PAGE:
Seeing a world with sound

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My dreams are usually shapeless and colourless, says bin daher.

Seeing a world with sound

By Siham Al Najami, Staff Reporter/GULF NEWS Published: August 03, 2007, 23:12

Dubai: Imagine a world with no colour, a personal world with no boundaries, a world without any visual inputs.

One such world belongs to Dana Nashwati, a 20- year-old who lost her sight at the age of 13 after a severe bout of flu, which affected the nerves around her eyes. She can still see a blur of colours and shapes in her dreams, although it is now gradually turning into only shades and sounds.

She can still visualise things by learning to identify the characteristics of an object. “I still use colours to identify people I haven’t seen before losing my eyesight. I visualise individuals by giving them a colour by the sound of their voice,” said Nashwati.

Khalfan Bin Dhaher (left), Ahmad Al Jafli (right) and members of the Blind Association.
She tries to help visually-impaired people to learn how to match colours to sounds. She is surrounded by her friends from the Blind Association, who occasionally escape busy schedules to enjoy a day with nature and good company.

Among the group is Khalfan Bin Daher, who was demonstrating his knowledge of guessing people’s age and skin colour by feeling their hands. In a few minutes he was able to correctly guess the age of the person next to him. “I don’t know how people look like, but through the sense of touch I can find out about the person’s age and skin colour,” said the 18-year-old.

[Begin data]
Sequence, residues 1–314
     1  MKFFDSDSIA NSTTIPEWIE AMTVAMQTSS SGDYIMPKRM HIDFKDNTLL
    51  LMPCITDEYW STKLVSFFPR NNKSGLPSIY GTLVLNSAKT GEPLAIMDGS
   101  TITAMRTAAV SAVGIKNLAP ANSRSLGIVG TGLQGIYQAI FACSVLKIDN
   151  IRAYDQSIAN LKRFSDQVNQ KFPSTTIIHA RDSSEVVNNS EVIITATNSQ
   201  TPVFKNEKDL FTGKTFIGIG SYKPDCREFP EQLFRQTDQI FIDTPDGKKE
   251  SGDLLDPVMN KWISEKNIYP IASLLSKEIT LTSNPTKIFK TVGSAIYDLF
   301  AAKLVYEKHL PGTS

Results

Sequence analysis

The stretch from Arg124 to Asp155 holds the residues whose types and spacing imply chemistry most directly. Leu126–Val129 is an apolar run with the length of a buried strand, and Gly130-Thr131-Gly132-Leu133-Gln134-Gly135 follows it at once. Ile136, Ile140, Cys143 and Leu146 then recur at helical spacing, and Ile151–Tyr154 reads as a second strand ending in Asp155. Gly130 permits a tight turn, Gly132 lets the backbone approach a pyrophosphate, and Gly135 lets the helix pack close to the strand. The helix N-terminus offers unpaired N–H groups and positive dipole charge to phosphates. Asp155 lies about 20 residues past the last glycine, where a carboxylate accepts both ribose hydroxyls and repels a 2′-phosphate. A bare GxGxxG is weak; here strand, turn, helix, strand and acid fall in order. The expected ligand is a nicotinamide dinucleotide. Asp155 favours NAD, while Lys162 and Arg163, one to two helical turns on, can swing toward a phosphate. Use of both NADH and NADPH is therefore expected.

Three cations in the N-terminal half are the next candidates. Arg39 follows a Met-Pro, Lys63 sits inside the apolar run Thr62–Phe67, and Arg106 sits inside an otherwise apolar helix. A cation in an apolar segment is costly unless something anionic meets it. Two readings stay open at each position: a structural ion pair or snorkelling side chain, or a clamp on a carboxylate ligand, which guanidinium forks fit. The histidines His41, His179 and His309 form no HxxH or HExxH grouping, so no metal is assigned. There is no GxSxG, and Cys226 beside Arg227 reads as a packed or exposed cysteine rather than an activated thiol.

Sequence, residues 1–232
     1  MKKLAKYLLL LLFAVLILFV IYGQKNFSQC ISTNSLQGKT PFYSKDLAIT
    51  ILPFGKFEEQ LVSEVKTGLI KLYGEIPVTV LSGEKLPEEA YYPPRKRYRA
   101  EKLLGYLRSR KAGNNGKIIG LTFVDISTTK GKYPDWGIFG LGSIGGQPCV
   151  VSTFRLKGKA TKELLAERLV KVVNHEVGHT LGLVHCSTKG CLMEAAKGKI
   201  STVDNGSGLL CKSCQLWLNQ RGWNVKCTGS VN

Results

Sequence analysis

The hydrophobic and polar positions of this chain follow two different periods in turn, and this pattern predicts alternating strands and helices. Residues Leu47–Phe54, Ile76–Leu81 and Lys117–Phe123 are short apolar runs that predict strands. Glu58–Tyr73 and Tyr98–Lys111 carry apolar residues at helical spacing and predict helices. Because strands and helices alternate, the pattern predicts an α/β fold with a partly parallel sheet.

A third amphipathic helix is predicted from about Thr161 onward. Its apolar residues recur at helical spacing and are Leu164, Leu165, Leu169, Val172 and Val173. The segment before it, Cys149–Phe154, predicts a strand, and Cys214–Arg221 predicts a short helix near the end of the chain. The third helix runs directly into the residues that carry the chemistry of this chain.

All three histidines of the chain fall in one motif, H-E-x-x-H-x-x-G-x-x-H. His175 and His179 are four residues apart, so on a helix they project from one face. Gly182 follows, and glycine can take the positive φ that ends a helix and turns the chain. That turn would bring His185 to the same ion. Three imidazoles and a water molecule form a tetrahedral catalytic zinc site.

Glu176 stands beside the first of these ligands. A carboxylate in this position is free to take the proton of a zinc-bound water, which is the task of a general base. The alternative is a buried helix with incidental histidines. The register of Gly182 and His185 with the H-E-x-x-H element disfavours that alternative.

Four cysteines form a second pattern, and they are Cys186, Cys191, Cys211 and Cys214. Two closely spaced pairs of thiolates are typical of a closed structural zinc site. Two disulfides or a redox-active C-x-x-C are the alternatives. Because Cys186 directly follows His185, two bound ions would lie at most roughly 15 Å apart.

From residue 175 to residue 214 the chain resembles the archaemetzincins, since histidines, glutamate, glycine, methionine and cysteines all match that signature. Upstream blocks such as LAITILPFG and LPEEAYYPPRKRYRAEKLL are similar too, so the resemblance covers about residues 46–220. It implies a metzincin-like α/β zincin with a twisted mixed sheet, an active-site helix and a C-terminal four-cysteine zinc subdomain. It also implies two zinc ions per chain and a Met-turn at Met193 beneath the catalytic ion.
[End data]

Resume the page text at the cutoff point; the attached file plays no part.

“I can see light when it directly hits my eyes. That’s the only thing I can ‘see’, but I would love to learn how to match colours. I would like to know if red goes well with blue,” he said.

He explained that he sees things the way his imagination visualises it. “My dreams are usually shapeless and colourless. But then reality will always be defined by perception,” he said.

Composing music

Ahmad Al Jafli, 20, enjoys listening and composing music. The media communications student and radio presenter said he can recognise the mood of a person by carefully listening to every unconscious movement and sound.

“People can control their expressions, but they are usually unconscious of certain movements due to discomfort, happiness,” he said.

Nashwati points out that people are increasingly taught to be visually-driven. “This undermines the significance of their other senses,” she said.

Mona and Sharifa Al Hashemi, they visualise objects by the sound they make. “I identify objects by listening to the sound they create. I dream with sounds,” said Mona.

All the group members were born visually impaired except for Nashwati.

“Losing your eyesight is obviously difficult, but your visual impairment is not always a restriction. The visual element can be deceptive at times. I learned to understand matters and people better because I take the time to listen to their views … you learn the art of listening,” she said.

The groups of friends feel the country needs more awareness about the needs and wants of visually impaired people. Most shopping malls and buildings are not accessible for the visually impaired, they said.

“We still have to depend on someone to get from one place to another. We all want our independence. We always try to challenge ourselves … but we need the resources and means,” Bin Daher said.

Have your say:
Do you know someone who is visually-impaired? What is it like to spend a day with them? Tell us your experiences.

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